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GIPA: The Role of Commercial Interests in Access Applications

Persons or organisations whose interests will be prejudiced by the disclosure of government information may object to that information being released.
Blog

Transport operators and storage facilities face increased liability under recent Australian Consumer Law Amendments

Amendments to the Australian Consumer Law (“ACL”), which is a schedule to the Commonwealth Competition and Consumer Act 2010, passed by the Commonwealth Parliament on 18 October 2018 are likely to increase the exposure of domestic land transport and storage facility operators for goods damaged during transportation or storage.  
Blog

…If it quacks like a duck – Fair Work Commission rules on Foodora and employment relationships

A recent Seminar I presented, Dancing with the Gig economy – Risk, liability and responsibility in the modern workplace, drew the attention of insurers and business leaders to the inherent structural risks embedded in the emerging gig or share economy.
Blog

“What are you doing with my taxes?” – GIPA and Government Transparency

Access Applications under the Government Information (Public Access) Act2009 (NSW) (‘GIPA Act’) are a common avenue for citizens to obtain government information. The Tribunal Appeal Panel (‘Appeal Panel’) recently illustrated that the public interest in maintaining transparency of government activities can be incredibly influential in determining whether to disclose government information. This was considered in Newcastle City Council v Newcastle East Residents Action Group Inc [2018] NSWCATAP 254.

Firm Holiday Closing Period

For your information, Hicksons will be closed for a two week period over the Christmas and New Year period.
Blog

A fall from a ladder resulted in liability against a manufacturer under the Australian Consumer Law with a finding of 30% contributory negligence

The Court of Appeal found that a ladder had a safety defect, which caused the appellant to fall, such that the manufacturer was liable for damages under section 138 of the Australian Consumer Law.
Media

Partner, Dr Tim Channon interviewed by the Daily Telegraph in relation to the District Court

Partner, Dr Tim Channon, was recently interviewed by the Daily Telegraph in relation to if the District Court had jurisdiction to hear commercial cases over the past 20 years.
Firm News

Recognised Leaders, Respected Performance

This year, we are proud to have had 6 of our experts showcased in the following listings and would like to congratulate them on this recognition.  
Firm News

New Hicksons Video Unveiled!

This video promotes our firm's transformation, future direction and bring the business culture to 'life', through our people's perspective and their real-world experiences, emphasising our investment and support into our people.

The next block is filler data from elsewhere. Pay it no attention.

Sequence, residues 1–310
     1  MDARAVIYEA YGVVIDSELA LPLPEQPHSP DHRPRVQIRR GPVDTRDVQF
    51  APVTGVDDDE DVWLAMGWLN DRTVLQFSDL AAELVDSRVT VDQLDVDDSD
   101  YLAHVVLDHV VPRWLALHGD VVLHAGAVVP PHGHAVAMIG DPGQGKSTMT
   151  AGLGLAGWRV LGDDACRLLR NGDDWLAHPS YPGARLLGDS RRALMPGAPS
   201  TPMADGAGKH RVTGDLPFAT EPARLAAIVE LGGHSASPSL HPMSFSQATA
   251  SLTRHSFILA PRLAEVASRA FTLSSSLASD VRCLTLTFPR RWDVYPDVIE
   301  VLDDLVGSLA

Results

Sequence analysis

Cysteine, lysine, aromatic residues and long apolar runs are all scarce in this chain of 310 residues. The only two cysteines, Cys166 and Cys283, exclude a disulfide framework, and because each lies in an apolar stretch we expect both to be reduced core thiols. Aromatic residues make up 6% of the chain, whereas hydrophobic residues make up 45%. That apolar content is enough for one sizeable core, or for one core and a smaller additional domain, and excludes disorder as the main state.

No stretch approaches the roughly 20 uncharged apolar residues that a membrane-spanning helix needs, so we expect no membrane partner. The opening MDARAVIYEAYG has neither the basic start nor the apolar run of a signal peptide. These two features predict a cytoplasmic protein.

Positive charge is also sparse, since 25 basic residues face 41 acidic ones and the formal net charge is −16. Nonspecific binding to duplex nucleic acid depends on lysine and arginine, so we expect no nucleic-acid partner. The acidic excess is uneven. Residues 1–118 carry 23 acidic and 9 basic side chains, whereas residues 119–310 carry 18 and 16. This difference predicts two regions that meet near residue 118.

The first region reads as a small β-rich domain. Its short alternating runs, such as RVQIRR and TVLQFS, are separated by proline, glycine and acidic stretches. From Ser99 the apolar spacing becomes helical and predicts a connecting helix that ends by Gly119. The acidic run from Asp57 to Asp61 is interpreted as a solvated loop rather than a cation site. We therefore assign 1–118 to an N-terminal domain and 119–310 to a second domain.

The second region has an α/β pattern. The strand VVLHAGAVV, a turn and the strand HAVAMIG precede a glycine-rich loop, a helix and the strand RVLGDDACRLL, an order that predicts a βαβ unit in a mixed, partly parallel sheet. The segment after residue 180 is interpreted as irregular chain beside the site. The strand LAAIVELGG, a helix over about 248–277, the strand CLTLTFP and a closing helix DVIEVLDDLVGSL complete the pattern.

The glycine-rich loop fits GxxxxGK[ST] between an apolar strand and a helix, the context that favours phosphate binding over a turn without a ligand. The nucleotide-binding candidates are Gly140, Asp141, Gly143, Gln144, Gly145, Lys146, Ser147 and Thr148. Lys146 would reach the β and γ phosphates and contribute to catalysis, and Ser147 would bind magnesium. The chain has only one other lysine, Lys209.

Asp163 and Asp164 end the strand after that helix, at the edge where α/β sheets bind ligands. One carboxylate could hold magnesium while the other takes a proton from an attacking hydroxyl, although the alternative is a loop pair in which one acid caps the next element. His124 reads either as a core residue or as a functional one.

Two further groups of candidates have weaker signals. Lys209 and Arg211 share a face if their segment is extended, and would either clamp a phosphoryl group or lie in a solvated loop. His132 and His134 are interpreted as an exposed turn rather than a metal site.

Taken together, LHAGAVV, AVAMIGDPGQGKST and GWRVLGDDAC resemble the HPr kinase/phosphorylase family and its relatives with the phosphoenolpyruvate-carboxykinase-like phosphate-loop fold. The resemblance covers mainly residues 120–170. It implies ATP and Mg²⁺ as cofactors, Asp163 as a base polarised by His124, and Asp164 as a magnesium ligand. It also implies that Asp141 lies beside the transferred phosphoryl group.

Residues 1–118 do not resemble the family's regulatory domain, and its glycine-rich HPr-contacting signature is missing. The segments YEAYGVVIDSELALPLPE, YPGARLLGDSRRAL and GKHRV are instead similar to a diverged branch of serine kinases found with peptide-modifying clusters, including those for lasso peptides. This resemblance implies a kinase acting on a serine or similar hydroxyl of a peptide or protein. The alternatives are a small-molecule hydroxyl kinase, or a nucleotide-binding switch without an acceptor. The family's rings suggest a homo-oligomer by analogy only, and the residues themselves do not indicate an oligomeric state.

Blog

Satisfying the ‘consequential injury’ threshold: When is a consequential injury not a consequential injury?

Injured worker’s entitlements to many compensation entitlements are intricately linked to various WPI thresholds
BlogFirm News

Hicksons 2018 Health Law Forum Wrap Up

On Tuesday 18 September 2018, we had the pleasure of hosting the Hicksons 2018 Health Law Forum. The Health Law Forum Wrap Up includes a short summary of each of the speaker’s presentations.
Blog

Further Thoughts on the District Court’s power to determine “Commercial” Matters

There has been a further Supreme Court decision regarding the legislative anomaly which has created great uncertainty over the power of the District Court to determine “Commercial” matters. 
Blog

Procedural Fairness: What you plead v The “But I wanted to say something else” Excuse

Procedural fairness requires a court or tribunal to give each party an equal say. However, the New South Wales Civil and Administrative Tribunal Appeal Panel’s (‘Appeal Panel’) recent decision has taken an expansive view of what justice requires to allow a party to adequately plead its case. The Appeal Panel decided that a tribunal cannot give judgment in a matter if they could have reasonably expected a party to make further submissions.
Blog

25 year old federal government documents protected under the national security exemption of the Freedom of Information Act

In the matter of Oz and Department of Defence (Freedom of Information) [2018] AICmr 49 (22 March 2018), Oz (the Applicant) sought access to documents created some 25 years ago.
Blog

Modern Slavery: the implications for your business

NSW has passed the Modern Slavery Act 2018 (NSW) (the NSW Act) and the Modern Slavery Bill 2018 (Cth) (the Cth Bill) has passed the House of Representatives and will now go before the Senate.  

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